Why Do You Need a Registered Investment Advisor?
If you are interested in having your money invested in a manner that is focused on achieving your goals–and your interests–and not potentially become the victim of investment fraud–you need to choose a Registered Investment Advisor to help you build your financial plan.
Also, if you’re concerned with hidden or variable fees, you’ll want to work with a Registered Investment Advisor.
Develop an Investment Approach that Aligns with Your Goals and Values
At Granite Investment Advisors, we take a value-based investment management strategy. This proven investment methodology is based on fundamental analysis and strict investment policies. And while our methodology has been honed over 30 years, our approach to executing on this methodology evolves as technology empowers us, and history instructs us.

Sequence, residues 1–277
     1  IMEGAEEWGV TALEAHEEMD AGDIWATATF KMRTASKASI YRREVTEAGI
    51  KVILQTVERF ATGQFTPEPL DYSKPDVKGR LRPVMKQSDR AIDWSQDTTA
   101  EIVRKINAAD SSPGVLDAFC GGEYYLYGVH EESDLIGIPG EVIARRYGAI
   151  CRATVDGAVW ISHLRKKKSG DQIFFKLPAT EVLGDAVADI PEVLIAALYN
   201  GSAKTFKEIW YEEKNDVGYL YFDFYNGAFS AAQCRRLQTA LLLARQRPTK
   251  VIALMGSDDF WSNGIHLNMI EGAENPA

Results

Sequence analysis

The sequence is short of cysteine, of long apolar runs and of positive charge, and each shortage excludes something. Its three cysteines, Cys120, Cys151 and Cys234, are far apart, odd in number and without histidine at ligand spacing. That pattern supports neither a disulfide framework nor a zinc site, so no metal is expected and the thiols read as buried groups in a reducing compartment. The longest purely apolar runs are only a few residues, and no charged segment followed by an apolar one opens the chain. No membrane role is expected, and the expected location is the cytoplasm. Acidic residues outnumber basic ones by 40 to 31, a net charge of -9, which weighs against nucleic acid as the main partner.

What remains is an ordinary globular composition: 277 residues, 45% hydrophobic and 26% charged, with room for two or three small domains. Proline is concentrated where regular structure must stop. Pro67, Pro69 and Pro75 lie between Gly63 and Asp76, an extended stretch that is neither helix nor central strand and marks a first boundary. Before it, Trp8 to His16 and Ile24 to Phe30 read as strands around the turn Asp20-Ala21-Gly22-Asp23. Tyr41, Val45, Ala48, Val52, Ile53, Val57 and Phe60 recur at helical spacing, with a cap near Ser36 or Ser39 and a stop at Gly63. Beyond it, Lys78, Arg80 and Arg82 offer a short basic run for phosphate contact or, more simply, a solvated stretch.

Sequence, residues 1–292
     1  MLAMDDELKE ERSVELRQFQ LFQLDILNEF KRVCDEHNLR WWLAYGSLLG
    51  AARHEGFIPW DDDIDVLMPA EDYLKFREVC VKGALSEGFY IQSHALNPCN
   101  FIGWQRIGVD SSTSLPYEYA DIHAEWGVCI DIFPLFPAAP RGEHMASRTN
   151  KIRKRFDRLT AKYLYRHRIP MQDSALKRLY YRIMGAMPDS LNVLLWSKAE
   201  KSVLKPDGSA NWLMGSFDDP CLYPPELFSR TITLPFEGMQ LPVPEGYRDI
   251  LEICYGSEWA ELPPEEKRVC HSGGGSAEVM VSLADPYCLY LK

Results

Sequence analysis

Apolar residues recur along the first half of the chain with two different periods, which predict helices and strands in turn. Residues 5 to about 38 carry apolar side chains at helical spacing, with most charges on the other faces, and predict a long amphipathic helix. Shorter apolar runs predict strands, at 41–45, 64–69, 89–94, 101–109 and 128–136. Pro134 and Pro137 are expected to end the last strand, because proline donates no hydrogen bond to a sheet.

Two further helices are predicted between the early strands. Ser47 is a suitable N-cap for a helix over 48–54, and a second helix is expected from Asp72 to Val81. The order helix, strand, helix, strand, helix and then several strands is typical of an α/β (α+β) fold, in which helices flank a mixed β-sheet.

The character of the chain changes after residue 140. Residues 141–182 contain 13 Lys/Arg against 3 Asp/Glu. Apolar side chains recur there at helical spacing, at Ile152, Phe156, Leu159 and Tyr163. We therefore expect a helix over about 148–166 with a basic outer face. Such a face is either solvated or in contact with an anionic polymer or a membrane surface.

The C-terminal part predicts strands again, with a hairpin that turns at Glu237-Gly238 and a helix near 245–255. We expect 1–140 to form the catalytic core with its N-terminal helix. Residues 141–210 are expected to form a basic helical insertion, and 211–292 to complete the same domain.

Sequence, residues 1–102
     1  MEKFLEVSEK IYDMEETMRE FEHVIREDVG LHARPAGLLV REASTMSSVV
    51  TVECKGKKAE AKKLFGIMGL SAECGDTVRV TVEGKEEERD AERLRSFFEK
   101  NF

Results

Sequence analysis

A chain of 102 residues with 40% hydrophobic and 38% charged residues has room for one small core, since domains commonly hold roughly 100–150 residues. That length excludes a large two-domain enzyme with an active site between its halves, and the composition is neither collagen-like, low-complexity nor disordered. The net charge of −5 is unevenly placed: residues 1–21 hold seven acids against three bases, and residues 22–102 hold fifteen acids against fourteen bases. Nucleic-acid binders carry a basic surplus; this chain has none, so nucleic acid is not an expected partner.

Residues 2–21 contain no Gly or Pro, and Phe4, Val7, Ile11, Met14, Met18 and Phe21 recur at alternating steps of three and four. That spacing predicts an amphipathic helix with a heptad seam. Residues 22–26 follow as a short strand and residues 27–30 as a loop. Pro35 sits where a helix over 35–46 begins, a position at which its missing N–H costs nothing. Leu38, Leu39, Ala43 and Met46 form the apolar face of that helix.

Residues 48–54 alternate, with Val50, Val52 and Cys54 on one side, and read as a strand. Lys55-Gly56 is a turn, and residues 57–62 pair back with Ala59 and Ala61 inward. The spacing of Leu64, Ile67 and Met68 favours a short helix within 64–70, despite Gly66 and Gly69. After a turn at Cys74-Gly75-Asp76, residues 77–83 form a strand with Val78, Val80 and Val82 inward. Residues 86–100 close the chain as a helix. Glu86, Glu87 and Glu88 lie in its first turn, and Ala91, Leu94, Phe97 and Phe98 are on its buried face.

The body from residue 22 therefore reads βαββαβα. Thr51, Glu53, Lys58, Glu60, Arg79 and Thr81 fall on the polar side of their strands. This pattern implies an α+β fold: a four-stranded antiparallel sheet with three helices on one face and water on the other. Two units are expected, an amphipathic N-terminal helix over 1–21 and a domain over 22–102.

If you are considering a Registered Investment Advisor here in New Hampshire, but aren’t quite sure, begin by understanding your personal investment risk tolerance with our Riskalizer. This will start to help you understand what type of investment approach you want to take when determining what to do with your investments as you mature. It can also help you understand if your current investment portfolio fits your personality. Try it today!
Past performance is no guarantee of future results. Returns are presented net of management fees. There can be no assurance that any of the securities referred to herein were produced for or remain in portfolios managed by Granite Investment Advisors. A complete list of all Granite Investment Advisors’ recommendations within the preceding year is available upon request. It should not be assumed that recommendations made in the future will be profitable or will equal the performance of the securities described herein.